Figure 2: EIS intensity image and spectral line profiles for the flare loop locations (A-E) from the EIS Ca XVII 192.85 Å window at 21:50:44 UT (impulsive phase). Panel (a): total intensity image of the EIS Ca XVII 192.85 Å window. The white dashed boxes correspond to the quieter regions used for measuring reference wavelengths. The green boxes indicate the locations corresponding to the spectral line profiles. Panel (b) - (f): the spectral line profiles in the EIS Ca XVII 192.85 Å window. The red dashed (Fe XXIV) and green dotted (Fe XIV, Fe XII, Fe XI, and Ca XVII) lines represent the fitted components of the multiple-Gaussian fitting analysis, respectively. The solid lines represent the fitted total line spectral profile. The black dashed and red dotted vertical lines correspond to the reference wavelength of Fe XXIV and center wavelength of the fitted component of Fe XXIV, respectively. The measured Doppler velocity of the Fe XXIV is written in each panel.

We also estimated the electron temperature and density measurements along the flare loop height using the ratio of EIS Fe XXIV 255.10 to Fe XXIII 263.76 Å and Fe XII 186.88 to 192.37 Å, respectively. We found that the temperature increases with height to a value of over 10^7 K at the loop top during the flare, and the density measurements along the flaring loop decreases with height and varies in the range of log Ne = 8.3 - 10.2. The temporal variation of the density in the loop-top shows that the density increases from 0.3 X 10^9 cm^(-3) early in the flare rise to 1.3 X 10^9 cm^(-3) after the flare peak. The density enhancement measured from the Fe XII spectra in the later phase implies that the hot plasma density at the loop top is later observed in Fe XII after the hot plasma cools down.

To understand the heating and cooling process of the flare, we compare the observed cooling time with the theoretical models of loop cooling timescale. Based on the temperature and density measurement at the flare loop-top from the EIS observations, we calculate the conductive and radiative cooling timescales for the loop (Cargill et al. 1995; Bradshaw & Cargill 2010) and make a fit of the temporal evolution of the temperature using the conductive cooling model for static and evaporative cooling. Figure 3 presents those fits (dashed: static cooling, solid: evaporative cooling) overlaid with the observed temporal evolution of the temperature in the flare plasma which is measured from the GOES, XRT, and AIA light curves. The peak temperature of each channel is determined from its dominant spectral lines (O'Dwyer et al. 2010, 2014). We also plot the temperature range using the half width of the peak temperature response function as an error bar. The observed temperature evolution of the flare arch is consistent with the conductive cooling curve for the evaporation case. This result implies that there was insignificant additional heating of the flaring fan loop after the impulsive energy input from the jet. Then, this flaring loop cooled down by conduction with evaporation.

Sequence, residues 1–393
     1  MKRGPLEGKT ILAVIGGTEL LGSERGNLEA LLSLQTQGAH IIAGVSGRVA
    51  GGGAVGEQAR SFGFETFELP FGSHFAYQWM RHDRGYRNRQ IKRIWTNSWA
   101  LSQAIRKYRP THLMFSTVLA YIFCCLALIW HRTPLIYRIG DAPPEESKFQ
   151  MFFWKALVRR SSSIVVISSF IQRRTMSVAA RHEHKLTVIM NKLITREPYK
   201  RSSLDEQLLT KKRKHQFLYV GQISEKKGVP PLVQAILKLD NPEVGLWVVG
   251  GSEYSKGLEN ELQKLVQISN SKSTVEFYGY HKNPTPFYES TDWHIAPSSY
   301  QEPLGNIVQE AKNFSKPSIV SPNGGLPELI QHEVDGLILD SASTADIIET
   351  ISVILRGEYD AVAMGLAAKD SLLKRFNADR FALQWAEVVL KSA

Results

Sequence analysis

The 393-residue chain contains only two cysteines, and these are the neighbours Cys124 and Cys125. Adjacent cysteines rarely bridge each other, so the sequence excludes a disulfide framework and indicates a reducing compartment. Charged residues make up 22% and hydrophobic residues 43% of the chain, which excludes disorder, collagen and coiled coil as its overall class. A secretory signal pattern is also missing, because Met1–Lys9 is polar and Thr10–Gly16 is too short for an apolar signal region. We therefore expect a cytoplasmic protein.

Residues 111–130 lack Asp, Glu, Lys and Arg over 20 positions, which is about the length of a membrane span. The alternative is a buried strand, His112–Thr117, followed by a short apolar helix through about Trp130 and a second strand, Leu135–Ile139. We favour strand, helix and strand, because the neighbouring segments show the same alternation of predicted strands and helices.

Figure 3: Temporal evolution of temperature estimated from the theoretical conductive cooling models. The dashed and solid lines correspond to the static and evaporative cooling cases, respectively. The diamond and triangle symbols are the observed peak time delays from the different instrument and wavelength channels using their peak response temperatures for regions (C) and (D) in Figure 2. The error bars indicate the half width of the temperature peak of the response functions for each channel. The gray area indicates the jet flare duration from the GOES flare list.